How Does Stress Affect Your Heart?
How does stress affect your heart? Stress is a condition in which your body reacts to a “threatening” situation and prepares to deal with it. Sometimes called the “fight or flight” response, it produces a series of events kicked off by the release of adrenaline. This hormone increases your heart rate, quickens your breathing and raises your blood pressure. Stress is a natural short-term reaction. However, when it happens too often or is maintained for too long, it can be harmful to the body.
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In particular, there can be negative effects of stress on the heart. Specifically, how can stress affect your heart? Chronic stress can make you more likely to have high blood pressure, chest pain, heart disease, and irregular heartbeats. Consequently, it’s important to learn about stress and your heart.
Symptoms of Stress on Your Heart
What’s the link between stress and cardiovascular health? Both severe short-term stress and chronic or long-term stress can have a negative impact on the heart. This can include:
Increased Heart Rate
A common connection between stress and heart rate is that a stressful situation can cause the heart to race, which is an uncomfortable feeling that can cause even more stress.
Heart palpitations are abnormal fluttering or pounding sensations in the chest. They’re generally harmless, but something you should talk with your doctor about if they’re frequent or persistent.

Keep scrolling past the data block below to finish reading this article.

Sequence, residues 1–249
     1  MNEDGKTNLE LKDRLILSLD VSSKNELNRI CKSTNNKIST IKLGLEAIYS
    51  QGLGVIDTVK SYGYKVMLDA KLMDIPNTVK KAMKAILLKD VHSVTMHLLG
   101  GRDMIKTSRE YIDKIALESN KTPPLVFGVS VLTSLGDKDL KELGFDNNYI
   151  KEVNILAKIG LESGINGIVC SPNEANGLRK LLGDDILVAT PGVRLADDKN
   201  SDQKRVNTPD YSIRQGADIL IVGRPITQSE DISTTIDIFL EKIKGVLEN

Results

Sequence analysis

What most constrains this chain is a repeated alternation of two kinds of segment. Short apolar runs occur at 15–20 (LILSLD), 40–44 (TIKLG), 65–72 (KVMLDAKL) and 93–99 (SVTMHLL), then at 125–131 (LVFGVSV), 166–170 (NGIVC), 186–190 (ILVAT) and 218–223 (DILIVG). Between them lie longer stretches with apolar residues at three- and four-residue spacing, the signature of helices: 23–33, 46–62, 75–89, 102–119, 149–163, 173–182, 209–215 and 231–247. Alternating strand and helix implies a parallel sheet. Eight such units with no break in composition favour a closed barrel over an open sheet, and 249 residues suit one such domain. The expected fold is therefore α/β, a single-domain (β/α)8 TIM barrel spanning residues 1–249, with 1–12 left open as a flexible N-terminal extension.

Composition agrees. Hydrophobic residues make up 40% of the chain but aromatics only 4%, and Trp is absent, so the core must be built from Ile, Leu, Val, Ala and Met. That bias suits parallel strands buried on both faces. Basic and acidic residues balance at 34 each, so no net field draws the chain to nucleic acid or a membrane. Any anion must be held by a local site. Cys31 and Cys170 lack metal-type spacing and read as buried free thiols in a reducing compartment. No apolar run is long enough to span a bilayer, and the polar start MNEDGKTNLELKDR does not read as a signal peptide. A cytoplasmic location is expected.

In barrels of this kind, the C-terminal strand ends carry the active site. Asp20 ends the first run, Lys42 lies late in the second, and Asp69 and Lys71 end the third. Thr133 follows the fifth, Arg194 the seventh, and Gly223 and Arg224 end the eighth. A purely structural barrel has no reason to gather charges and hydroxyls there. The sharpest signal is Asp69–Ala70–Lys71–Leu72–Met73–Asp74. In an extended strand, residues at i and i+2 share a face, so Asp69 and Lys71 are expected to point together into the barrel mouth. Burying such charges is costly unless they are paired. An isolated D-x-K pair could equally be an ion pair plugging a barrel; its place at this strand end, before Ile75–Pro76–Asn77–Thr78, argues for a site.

Shortness of Breath
Severe stress may make it temporarily difficult to breathe. If this feeling is especially intense or happens often, you should ask your doctor about it.
Broken Heart Syndrome
People sometimes ask, “Can stress cause heart attacks and strokes?”. While it’s rare, a traumatic event like learning of the death of a loved one can trigger a heart attack. Doctors refer to this as broken heart syndrome.
What You Can Do to Avoid Heart Stress
Can stress cause heart problems? Yes, it can be a factor if you allow it to be. However, while you can’t necessarily prevent stressful situations from occurring, there are steps you can take to manage your stress and its effect on your heart. For example, you can:
Not only does regular exercise cause your body to release mood-boosting endorphins, it can also help strengthen your heart muscle and lower your blood pressure.
Meditate, Pray or Practice Yoga
These activities help you develop an inward focus you can use to avoid dwelling on external circumstances that tend to cause you stress.
Practice Positive Thinking
In every situation, you have the choice of focusing on the negative aspects or finding something positive to direct your attention to. People who commit to positive thinking have less stress. In fact, laughter may actually lower the levels of stress hormones in your body.
Incoming emails, app notifications and even watching the news can be stressful. Taking some time away from those stimuli each day can be very calming.
Use Other Techniques
Reading a good book, watching an uplifting movie or taking a warm bath are other activities that many people find helpful in reducing their stress.
Learn More About Your Heart Health
Have you ever wondered how healthy your heart is? This quick heart health risk assessment can compare your actual age to your heart’s biological age, as well as calculate your risk of developing cardiovascular disease.